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11

Rashi to Shmuel Aleph 15:3 explains that the Amalekites were sorcerers and were capable of disguising themselves as animals - and for this reason Shaul was commanded to kill even the animals. In his commentary to Devarim 25:19 he brings another explanation: The eradication of the memory of Amaleik had to be absolute, and even if animals remained alive they ...


7

Asked and answered here. it seems quite likely that this is a later interpolation; it doesn't appear in early prints of Rashi. In several places, though, Rashi refers to לשון כנען, which was a popular term at the time for the Slavic languages (based on the equation of "Slav" with "slave" and the association of the latter with Canaan). These ...


4

Absolutely nothing! The reason the three pesukim are added at the beginning is so that we don't have to add at the end. To explain, consider Shulchan Aruch, Orach Chaim 284: מפטירין בנביא מענינה של פרשה ואין פוחתין מכ"א פסוקים אלא אם כן סליק ענינא בבציר מהכי כגון עולותיכם ספו על זבחיכם. "We read the Haftarah from the Navi from the subject matter of ...


3

We read Haftarot from all the 8 Nevi'im scrolls, at various times during the year. See Wikipedia for a list. Three of the 12 minor prophets - תְּרֵי עֲשַׂר - are not included in any Haftarah. Nachum - נחום Zefania - צפניה Chagai - חגי


2

I have an answer to 1 and 3. The trop in the haftara beracha serves as a warm up so the layner can adjust to the haftarah trop after using the different torah trop. When I read the after beracha, I do read it with a tune just as I read the before beracha.


1

SA OC 284, MB quotes L'vush who wonders why a complete Navi is not used. Taz and Magen Avrohom hold that even printed on paper and not rolled is good. Magen Avrohom and Eiliya Rabba say that even so a complete Navi is required, and not what is included in the chumash. MB continues: if a printed Navi is not available, there is to be lenient in order not to ...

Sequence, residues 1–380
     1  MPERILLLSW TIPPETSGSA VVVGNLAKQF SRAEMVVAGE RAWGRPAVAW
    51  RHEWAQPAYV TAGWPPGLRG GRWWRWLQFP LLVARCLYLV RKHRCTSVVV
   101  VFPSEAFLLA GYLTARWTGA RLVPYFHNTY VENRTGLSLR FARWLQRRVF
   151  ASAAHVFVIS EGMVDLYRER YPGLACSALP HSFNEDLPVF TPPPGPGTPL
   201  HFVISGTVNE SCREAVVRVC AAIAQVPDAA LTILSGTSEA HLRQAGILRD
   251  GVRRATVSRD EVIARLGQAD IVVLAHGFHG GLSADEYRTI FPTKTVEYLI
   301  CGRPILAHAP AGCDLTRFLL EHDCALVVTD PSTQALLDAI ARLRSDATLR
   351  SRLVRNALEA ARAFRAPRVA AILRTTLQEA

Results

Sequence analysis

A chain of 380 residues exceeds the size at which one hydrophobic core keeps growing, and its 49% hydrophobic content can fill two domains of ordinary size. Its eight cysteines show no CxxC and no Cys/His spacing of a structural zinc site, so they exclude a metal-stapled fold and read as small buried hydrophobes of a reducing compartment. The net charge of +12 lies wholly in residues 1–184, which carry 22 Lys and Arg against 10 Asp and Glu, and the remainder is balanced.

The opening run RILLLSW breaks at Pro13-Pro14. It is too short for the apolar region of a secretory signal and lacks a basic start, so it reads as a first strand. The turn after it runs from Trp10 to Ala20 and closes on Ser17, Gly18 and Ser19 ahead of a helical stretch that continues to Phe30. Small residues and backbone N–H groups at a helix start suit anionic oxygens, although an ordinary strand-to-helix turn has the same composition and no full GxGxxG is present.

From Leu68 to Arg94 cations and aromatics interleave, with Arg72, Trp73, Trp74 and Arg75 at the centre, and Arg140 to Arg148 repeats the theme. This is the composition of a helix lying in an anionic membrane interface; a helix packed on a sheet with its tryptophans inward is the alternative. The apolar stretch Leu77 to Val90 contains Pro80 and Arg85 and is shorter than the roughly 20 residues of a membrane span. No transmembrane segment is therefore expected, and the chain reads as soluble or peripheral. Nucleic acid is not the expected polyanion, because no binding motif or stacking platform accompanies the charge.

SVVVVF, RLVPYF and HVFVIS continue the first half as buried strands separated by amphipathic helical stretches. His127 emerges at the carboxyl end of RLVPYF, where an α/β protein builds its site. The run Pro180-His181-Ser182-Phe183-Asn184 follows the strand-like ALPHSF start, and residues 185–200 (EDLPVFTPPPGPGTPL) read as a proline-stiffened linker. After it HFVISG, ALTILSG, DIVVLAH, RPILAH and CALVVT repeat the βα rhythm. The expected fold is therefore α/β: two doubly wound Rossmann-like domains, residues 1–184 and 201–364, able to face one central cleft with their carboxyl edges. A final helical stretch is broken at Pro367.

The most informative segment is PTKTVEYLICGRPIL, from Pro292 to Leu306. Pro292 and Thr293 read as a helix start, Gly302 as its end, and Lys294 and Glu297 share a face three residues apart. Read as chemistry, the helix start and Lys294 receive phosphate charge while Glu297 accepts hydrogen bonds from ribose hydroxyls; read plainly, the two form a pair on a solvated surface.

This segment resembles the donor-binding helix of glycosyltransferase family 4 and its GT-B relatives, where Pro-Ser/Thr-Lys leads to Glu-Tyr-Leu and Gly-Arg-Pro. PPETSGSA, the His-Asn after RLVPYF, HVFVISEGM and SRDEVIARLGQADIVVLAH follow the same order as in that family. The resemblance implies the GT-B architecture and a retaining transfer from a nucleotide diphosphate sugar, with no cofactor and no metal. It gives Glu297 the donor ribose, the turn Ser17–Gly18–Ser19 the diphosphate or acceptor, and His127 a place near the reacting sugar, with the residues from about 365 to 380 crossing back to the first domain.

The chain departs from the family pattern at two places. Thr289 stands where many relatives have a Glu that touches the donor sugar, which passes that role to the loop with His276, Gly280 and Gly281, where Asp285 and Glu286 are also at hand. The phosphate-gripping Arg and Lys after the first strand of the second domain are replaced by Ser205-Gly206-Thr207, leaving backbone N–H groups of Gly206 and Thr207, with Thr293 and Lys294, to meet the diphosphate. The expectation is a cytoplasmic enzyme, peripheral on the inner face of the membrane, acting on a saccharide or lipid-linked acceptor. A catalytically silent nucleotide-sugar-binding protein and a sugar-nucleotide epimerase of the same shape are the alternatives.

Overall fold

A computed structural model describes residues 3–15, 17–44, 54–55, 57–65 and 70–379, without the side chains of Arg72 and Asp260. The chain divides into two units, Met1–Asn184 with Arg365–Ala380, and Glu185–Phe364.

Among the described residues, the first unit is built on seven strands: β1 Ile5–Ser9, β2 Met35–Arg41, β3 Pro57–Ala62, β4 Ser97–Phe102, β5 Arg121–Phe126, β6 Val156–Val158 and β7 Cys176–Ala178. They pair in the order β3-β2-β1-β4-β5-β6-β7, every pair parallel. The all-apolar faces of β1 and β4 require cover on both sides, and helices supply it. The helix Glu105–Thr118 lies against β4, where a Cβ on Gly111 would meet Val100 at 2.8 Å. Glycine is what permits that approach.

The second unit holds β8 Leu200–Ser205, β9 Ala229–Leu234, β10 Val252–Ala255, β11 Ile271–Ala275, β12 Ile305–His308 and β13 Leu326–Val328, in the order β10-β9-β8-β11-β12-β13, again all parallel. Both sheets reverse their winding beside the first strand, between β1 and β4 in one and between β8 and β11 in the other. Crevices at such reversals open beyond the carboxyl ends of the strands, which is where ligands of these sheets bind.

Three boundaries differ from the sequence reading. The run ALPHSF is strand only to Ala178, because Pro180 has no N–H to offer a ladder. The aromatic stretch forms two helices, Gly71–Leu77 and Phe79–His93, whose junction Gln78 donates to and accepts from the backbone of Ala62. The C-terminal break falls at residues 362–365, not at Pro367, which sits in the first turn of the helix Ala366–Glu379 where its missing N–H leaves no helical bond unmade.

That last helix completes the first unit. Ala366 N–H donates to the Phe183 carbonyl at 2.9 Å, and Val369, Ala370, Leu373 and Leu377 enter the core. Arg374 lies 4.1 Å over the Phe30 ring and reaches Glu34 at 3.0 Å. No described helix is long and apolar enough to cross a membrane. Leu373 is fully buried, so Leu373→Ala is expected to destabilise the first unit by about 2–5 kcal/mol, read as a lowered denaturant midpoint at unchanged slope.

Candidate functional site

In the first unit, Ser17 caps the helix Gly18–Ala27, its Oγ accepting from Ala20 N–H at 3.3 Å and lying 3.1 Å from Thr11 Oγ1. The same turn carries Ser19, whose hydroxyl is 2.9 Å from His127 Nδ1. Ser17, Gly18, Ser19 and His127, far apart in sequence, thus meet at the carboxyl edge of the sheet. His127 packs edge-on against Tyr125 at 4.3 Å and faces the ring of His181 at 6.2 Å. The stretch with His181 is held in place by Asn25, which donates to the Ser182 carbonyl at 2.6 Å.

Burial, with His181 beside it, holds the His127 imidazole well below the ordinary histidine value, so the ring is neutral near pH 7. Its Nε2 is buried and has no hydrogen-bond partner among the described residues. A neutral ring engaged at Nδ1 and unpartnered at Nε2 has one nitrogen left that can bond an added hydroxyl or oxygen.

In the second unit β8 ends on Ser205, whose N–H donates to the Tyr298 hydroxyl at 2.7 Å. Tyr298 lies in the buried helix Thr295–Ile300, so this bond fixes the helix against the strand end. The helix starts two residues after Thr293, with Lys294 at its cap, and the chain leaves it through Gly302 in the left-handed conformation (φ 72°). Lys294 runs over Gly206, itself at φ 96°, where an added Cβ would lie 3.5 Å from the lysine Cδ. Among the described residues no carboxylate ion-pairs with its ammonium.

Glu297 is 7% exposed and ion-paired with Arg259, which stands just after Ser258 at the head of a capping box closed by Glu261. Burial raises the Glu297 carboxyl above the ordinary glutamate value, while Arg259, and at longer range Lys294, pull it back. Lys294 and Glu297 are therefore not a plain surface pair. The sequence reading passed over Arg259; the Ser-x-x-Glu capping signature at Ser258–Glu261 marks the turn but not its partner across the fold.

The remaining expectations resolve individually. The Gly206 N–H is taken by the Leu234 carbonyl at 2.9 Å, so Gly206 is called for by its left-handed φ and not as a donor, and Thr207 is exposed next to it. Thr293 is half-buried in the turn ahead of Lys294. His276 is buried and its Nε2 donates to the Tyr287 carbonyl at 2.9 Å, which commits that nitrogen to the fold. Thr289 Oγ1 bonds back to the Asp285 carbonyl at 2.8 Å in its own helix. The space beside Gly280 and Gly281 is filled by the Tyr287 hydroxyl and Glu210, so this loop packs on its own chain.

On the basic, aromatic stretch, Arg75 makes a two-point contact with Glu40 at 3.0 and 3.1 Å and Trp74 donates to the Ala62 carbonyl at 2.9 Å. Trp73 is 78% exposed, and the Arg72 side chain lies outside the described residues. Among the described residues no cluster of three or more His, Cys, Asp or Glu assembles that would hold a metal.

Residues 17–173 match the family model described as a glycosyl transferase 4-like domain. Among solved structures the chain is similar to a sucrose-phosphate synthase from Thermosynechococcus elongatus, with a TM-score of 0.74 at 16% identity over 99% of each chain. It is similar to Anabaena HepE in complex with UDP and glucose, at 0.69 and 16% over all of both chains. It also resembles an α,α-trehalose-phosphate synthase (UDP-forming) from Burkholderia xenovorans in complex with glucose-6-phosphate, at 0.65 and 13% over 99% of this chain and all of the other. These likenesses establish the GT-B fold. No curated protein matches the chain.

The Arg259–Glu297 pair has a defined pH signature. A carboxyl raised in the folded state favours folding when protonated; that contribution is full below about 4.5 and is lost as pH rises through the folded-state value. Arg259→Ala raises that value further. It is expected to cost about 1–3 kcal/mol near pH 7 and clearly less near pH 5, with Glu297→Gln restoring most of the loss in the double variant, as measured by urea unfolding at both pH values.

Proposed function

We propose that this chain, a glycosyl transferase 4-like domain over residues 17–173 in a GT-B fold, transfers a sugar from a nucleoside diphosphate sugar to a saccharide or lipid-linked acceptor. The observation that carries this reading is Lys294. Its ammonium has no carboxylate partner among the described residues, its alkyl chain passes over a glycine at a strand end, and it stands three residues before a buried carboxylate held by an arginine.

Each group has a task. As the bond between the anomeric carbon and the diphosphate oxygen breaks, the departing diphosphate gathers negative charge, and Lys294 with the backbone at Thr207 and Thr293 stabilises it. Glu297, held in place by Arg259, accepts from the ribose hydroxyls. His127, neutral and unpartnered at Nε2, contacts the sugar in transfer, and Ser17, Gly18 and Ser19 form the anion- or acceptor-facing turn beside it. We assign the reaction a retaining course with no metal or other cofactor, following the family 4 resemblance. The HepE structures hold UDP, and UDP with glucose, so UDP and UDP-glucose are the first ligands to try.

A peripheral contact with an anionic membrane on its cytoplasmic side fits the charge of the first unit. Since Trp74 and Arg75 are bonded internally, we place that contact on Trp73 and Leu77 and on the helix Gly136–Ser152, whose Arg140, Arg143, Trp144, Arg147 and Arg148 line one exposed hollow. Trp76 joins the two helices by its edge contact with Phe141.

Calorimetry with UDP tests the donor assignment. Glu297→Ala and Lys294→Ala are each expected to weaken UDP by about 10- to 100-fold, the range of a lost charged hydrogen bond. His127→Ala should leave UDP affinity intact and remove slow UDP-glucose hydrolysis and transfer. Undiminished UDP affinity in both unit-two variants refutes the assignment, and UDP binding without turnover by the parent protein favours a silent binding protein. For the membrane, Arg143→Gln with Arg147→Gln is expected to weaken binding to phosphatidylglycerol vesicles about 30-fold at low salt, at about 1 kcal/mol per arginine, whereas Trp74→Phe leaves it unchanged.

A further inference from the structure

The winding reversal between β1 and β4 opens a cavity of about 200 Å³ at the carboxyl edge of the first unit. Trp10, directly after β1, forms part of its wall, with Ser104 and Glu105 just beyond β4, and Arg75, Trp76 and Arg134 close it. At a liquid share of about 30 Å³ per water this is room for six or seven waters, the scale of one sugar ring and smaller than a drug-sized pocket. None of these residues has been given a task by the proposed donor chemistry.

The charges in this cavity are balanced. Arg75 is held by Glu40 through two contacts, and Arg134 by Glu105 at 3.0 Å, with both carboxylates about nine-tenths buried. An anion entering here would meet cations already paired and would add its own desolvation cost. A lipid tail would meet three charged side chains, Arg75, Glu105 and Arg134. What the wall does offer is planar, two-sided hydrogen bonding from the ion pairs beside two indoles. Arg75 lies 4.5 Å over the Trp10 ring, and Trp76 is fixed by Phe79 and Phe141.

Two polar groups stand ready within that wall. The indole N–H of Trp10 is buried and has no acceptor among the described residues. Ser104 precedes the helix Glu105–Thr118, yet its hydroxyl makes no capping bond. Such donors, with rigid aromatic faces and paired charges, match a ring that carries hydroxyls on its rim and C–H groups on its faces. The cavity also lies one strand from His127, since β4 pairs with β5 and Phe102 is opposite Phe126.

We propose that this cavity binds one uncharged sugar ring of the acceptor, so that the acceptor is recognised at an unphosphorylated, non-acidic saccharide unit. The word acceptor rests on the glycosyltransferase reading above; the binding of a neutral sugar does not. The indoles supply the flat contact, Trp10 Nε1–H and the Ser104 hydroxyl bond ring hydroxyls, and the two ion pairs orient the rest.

1

I once read Megillat Esther privately to an elderly student of R Ahron Solveichik who could not attend a public reading for health reasons. Before he recited the blessings he told me that R Ahron Soloveichik once reported to him that his grandfather, R Chaim Soloveitchik, believed that the blessings attached to the Torah readings are part of the Mitzva of ...


1

R. Elishevitz (a very great Talmid Chacham from Russia who later moved to Israel about 80 years ago) in his sefer אלף המגן writes: A similar question can be asked on the parsha itself which starts with the laws of a woman who gives birth. What relevance does this have to the main subject of the parsha? We can answer these questions with a parable ...


1

Rav Eliyahu Essas, one of the most respected Russian rabbanim, answers this question on the verse Melachim I 6:7 here (in Russian though). The basic sense is that it is a typo. If one replaces the samech in rusi with mem, and they are very similar in print, one gets rumi or romi - translation to Latin, and indeed the word dolatum means to shape stones and ...


1

(I an adding this answer here, which was already posted elsewhere, at the request of the OP.) R. Elishevitz (a very great Talmid Chacham from Russia who later moved to Israel about 80 years ago) in his sefer אלף המגן explains how the Haftorah for parshas Tazria completely corresponds to the Torah reading: The Haftorah for parshas Tazria - Kings Ⅱ ...



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